- According to Indian Kanoon, if at a particular juncture of time, if case records become public, they don't come under the ambit of 'Right to Privacy' and are at the disposal of all.
- Ajay Hasia v. Khalid Mujib Seftravardi, (1981) 1 SCC 722 and Rajagopal v. State of Tamil Nadu, (1994) 6 SCC 632 serve as climacteric precedents referred to, in this case.
- The website has urged that there has to be a balance between the right to Privacy and the right to freedom of expression in context of judicial orders.
In a counter-affidavit submitted before the Kerala High Court in retaliation to a written petition demanding the dismissal of the name, the Indian Kanoon legal web browser claimed that it is the legal system, which permits the publication of all court related matters under the banner of 'Public Records', with the inclusion of court records and court orders and affidavits.
Consequently, the principle of open justice includes the openness of judicial proceedings and legal proceedings and the release of the adjudicating authority's order of Courts, so that the general public is notified of the legislation of the state.
Rajagopal v. State of Tamil Nadu, (1994) 6 SCC 632; Kerala High Court, referring to a significant ruling, claimed that the 'Right to Privacy' (Article 21 of the Constitution of India) does not encompass in full detail the records released to the public.
In the same dispute, referring to yet another specific instance, Ajay Hasia v. Khalid Mujib Seftravardi, the Constitutional Quad of the Supreme Court held that constitutional rights can be expanded to firms only if, in accordance with Article 12 of the Constitution, they are deemed to be agents of the System, that is to say, if they are in fact operated or controlled by the Government, and if the State is expansive and geographically responsible for their deeds and statements.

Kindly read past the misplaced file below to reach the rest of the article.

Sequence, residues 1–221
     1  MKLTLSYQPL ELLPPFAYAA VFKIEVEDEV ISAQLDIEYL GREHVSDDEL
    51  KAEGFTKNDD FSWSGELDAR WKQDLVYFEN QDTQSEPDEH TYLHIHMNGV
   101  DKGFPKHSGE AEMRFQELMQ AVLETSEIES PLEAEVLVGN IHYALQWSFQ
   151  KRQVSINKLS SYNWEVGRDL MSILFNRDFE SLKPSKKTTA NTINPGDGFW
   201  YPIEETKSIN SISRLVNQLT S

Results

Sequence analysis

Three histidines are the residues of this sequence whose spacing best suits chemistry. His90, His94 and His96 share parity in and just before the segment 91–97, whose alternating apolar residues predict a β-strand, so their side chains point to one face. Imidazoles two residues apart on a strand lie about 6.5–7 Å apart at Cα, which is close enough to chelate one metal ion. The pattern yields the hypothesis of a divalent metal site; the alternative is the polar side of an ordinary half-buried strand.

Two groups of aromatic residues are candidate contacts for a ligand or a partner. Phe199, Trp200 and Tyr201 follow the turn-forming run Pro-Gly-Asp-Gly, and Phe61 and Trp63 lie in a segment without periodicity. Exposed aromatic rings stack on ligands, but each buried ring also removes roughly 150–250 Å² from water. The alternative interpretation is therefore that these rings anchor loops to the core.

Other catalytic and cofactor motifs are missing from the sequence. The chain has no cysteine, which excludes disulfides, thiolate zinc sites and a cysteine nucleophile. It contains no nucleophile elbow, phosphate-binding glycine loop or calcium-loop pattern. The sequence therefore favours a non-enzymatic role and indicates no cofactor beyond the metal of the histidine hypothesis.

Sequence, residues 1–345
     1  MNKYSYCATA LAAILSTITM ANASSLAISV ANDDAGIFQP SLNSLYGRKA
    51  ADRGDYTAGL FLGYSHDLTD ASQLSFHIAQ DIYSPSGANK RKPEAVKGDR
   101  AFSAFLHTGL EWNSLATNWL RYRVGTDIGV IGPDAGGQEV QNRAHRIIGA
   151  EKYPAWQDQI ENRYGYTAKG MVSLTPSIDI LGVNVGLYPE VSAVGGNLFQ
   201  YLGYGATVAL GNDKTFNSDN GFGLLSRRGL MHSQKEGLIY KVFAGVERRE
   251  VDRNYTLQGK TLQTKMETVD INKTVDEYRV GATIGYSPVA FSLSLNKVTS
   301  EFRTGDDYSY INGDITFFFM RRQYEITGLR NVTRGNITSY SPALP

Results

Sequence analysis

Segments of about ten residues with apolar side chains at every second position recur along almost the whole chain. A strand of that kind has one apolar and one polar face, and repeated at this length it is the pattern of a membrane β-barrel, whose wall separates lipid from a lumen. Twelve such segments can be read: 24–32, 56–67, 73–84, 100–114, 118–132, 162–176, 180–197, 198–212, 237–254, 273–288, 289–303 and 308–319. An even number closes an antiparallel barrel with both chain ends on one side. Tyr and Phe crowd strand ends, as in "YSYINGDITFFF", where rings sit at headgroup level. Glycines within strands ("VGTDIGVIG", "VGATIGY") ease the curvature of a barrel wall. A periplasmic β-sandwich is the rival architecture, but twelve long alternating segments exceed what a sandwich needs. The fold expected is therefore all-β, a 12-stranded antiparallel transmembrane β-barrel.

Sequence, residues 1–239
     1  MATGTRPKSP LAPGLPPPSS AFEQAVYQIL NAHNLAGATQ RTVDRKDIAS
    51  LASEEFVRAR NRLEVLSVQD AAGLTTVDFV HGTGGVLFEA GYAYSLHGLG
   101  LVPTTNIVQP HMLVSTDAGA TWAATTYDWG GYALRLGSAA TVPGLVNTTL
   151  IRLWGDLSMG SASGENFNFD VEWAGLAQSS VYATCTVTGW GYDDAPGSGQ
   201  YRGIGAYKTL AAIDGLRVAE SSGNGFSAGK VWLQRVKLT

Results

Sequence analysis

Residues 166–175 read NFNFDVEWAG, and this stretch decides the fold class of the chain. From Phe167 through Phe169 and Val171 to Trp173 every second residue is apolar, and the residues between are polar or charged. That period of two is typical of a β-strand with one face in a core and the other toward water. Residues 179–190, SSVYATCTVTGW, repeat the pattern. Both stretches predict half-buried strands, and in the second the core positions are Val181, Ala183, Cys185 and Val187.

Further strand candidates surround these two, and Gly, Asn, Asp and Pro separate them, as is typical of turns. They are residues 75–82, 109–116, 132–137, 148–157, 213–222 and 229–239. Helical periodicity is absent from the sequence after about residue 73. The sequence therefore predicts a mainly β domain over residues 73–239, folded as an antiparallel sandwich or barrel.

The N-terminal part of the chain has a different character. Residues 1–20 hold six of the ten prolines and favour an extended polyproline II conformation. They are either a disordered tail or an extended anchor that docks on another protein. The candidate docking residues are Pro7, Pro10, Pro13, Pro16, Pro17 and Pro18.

The appellant was mainly affronted by the claim that, considering his immunity from court prosecutions, the portal proceeded to release a bail order relating to certain deliberations without revealing his identity, which was also the first result of a search on the internet, prompting him to suffer distress and anxiety. Affirming, that an individual holds the 'Right to be Forgotten', the complainant requested approval from the agencies to delete his personally identifiable information.
In its response in the form of an affidavit, Indian Kanoon, represented by Sushant Sinha, the Director, stated and stood by their claims that the writ petition has a straightforward role to play in the applicability and the establishment of the guiding principles of Right to Freedom of Expression and Right to Access Information, as under Article 19(1)(a) of the Indian Constitution.
Furthermore, it is firmly documented that court orders cannot be prohibited from being released by external parties unless such an authorization is expressly provided by a tribunal with the intention that continued release would intervene with the interests of justice.
It has also argued, in this sense, that the claimant attempts to rely on the Court's unprecedented authority to override the rigorous legislative process under way to ensure constitutional acknowledgment of the right to be forgotten.It is averted, inter alia, that the written request is not sustainable because the domain is a private corporation organized under the Companies Act, 2013 and not a 'State' within the scope of Article 12 of the Constitution.
The ambit of Article 21 and the clashing notions which have been mentioned in the constitution lead us to question the downright implication of basic principles, especially in such a scenario, wherein a person demands to utilize his right to be forgotten, which is countered by the need to obtain the right to access information. It trickles down to the needs of an individual, pu up against the needs of the society at large.